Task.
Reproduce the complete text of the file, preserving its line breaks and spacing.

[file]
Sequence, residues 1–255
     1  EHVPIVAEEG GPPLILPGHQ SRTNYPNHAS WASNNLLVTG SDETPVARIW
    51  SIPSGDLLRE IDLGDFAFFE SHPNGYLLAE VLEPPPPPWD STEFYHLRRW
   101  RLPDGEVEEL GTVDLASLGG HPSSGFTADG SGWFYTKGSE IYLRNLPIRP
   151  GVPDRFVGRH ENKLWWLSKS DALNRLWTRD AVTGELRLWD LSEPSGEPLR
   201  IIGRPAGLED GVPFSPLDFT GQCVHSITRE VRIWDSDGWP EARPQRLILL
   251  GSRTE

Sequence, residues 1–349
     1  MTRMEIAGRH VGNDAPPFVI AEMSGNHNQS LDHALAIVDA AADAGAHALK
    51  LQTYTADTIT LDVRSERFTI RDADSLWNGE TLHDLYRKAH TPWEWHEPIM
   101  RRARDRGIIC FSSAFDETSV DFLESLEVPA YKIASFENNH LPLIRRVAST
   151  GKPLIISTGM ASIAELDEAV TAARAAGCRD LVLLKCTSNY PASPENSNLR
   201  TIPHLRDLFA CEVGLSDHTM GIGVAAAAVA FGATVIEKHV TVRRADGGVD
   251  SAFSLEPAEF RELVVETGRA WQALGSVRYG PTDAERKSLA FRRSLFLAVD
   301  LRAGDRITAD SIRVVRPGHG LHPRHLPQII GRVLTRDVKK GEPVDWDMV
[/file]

Sequence, residues 1–255
     1  EHVPIVAEEG GPPLILPGHQ SRTNYPNHAS WASNNLLVTG SDETPVARIW
    51  SIPSGDLLRE IDLGDFAFFE SHPNGYLLAE VLEPPPPPWD STEFYHLRRW
   101  RLPDGEVEEL GTVDLASLGG HPSSGFTADG SGWFYTKGSE IYLRNLPIRP
   151  GVPDRFVGRH ENKLWWLSKS DALNRLWTRD AVTGELRLWD LSEPSGEPLR
   201  IIGRPAGLED GVPFSPLDFT GQCVHSITRE VRIWDSDGWP EARPQRLILL
   251  GSRTE

Sequence, residues 1–349
     1  MTRMEIAGRH VGNDAPPFVI AEMSGNHNQS LDHALAIVDA AADAGAHALK
    51  LQTYTADTIT LDVRSERFTI RDADSLWNGE TLHDLYRKAH TPWEWHEPIM
   101  RRARDRGIIC FSSAFDETSV DFLESLEVPA YKIASFENNH LPLIRRVAST
   151  GKPLIISTGM ASIAELDEAV TAARAAGCRD LVLLKCTSNY PASPENSNLR
   201  TIPHLRDLFA CEVGLSDHTM GIGVAAAAVA FGATVIEKHV TVRRADGGVD
   251  SAFSLEPAEF RELVVETGRA WQALGSVRYG PTDAERKSLA FRRSLFLAVD
   301  LRAGDRITAD SIRVVRPGHG LHPRHLPQII GRVLTRDVKK GEPVDWDMV